From "History of The Big Bend Country."
Early in January 1890, Lincoln county, in common with all of eastern Washington, was visited by perhaps the worst snow storm in its history. For more than a week the settlers of the county were without communication with the outside world. Railroads were blockaded and many passengers on the various trains were snowbound in different towns.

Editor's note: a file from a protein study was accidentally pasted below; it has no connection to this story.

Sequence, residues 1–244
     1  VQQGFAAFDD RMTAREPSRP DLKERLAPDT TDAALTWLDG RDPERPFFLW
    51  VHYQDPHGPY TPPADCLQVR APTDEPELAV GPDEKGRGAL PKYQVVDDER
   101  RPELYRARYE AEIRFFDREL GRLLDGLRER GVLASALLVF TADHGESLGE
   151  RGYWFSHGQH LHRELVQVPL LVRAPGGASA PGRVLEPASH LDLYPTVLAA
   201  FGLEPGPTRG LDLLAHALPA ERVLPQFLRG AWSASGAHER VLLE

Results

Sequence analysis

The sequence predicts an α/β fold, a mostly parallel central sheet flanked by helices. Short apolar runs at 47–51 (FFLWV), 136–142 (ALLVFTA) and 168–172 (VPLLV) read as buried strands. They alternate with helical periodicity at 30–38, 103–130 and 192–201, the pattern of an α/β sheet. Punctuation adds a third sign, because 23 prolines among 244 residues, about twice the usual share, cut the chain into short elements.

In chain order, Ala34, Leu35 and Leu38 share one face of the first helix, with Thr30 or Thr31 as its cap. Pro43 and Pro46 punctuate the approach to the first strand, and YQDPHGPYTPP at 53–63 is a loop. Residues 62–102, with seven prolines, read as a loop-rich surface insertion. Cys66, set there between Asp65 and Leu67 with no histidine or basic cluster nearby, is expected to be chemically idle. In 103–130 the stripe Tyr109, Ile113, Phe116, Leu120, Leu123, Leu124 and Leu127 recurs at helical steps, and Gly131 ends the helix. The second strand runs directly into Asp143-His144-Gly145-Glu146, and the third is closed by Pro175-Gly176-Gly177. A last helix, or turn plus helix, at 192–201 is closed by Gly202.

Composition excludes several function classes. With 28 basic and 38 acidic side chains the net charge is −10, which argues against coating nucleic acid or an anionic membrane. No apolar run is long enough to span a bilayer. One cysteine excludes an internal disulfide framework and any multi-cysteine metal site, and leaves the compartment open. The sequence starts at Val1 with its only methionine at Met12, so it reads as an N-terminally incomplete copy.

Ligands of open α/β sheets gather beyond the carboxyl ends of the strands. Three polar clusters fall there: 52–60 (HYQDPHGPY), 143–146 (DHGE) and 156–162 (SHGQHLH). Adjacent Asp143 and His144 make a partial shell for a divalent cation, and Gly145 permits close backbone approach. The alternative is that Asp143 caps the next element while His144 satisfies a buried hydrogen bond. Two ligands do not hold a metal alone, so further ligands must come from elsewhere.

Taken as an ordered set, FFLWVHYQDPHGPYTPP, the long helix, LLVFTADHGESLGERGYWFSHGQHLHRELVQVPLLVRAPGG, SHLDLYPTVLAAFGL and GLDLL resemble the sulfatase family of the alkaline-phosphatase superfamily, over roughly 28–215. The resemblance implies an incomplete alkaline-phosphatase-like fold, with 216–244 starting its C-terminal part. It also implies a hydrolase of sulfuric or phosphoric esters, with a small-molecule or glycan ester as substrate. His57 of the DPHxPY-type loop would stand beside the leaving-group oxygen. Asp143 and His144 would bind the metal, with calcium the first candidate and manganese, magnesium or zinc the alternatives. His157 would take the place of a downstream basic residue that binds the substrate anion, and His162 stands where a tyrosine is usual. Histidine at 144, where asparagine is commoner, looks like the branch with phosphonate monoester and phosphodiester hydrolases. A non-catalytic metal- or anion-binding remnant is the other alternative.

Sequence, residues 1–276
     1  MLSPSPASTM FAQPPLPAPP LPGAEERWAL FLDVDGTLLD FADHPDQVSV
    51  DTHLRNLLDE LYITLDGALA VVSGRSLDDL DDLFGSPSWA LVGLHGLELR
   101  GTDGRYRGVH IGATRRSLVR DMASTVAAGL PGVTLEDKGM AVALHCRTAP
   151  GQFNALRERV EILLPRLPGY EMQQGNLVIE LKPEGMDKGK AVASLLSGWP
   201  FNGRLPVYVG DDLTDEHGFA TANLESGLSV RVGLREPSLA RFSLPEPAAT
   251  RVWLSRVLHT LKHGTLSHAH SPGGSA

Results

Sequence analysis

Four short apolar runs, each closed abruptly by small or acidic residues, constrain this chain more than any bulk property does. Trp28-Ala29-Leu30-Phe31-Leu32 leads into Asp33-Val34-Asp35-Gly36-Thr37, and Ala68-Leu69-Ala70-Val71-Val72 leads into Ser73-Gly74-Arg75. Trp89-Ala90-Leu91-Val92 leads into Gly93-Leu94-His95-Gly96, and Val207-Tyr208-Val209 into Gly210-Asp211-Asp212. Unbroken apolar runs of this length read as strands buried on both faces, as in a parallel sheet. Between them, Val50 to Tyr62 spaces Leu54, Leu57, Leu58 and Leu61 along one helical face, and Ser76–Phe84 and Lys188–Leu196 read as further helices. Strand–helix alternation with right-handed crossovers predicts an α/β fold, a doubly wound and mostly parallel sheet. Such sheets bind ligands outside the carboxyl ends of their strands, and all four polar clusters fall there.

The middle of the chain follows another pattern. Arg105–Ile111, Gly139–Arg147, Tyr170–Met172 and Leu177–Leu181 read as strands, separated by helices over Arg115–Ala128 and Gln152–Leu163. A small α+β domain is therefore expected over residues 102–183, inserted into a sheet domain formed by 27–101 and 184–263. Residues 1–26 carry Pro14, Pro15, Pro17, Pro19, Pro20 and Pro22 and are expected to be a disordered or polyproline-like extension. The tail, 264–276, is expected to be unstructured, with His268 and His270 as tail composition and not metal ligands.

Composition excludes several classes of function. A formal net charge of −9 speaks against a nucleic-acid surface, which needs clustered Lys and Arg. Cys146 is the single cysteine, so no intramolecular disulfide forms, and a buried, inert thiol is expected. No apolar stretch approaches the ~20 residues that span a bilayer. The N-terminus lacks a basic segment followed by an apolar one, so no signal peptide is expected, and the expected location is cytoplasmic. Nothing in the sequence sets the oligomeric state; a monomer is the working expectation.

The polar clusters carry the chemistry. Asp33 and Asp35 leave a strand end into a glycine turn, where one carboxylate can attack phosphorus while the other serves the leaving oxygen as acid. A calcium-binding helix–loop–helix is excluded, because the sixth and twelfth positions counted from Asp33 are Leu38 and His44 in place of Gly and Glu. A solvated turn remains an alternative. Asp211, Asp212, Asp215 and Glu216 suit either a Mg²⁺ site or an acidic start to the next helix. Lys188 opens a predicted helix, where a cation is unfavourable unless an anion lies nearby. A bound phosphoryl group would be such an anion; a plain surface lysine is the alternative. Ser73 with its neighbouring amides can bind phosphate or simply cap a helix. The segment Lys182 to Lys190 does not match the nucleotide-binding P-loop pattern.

The drifting snow blockaded the railroads as effectually as though a deluge had obliterated the tracks and it was only by persistent labor that the wheels were again set in motion. The wind began blowing January 1st, and whirled the light snow across the country. Every cut, no matter how deep, was piled level full, placing an impregnable face to the locomotive. Trains on the Central Washington and Seattle, Lake Shore & Eastern roads arrived in Davenport from Spokane Falls Wednesday night, January 1, and from that time until the 6th no train was able to make its way through. January 3d the powerful snow plow of the Central Washington left Davenport, urged on by three engines, and a passenger train followed in its wake. At Reardan the monster plow plunged into a cut and there stuck fast. Two other engines were almost pulled to pieces and considerably damaged in an endeavor to extricate, or force on the plow. This condition of affairs continued until Sunday, the 5th, when a rotary snow plow began work out of Cheney. This monster cork-screw worked a clearing until it reached a point a few miles east of Reardan, when it, too, was disabled and taken back for repairs. Returning on Monday it had a track open and traffic was resumed east of Davenport. The western end of the route was then attacked and opened in the course of a few days. The rival road, Seattle, Lake Shore & Eastern was not so successful in opening its track, having no snow-plow, and spring had opened before it was in running order. The town of Wilbur was cut off from all outside communication for 31 days.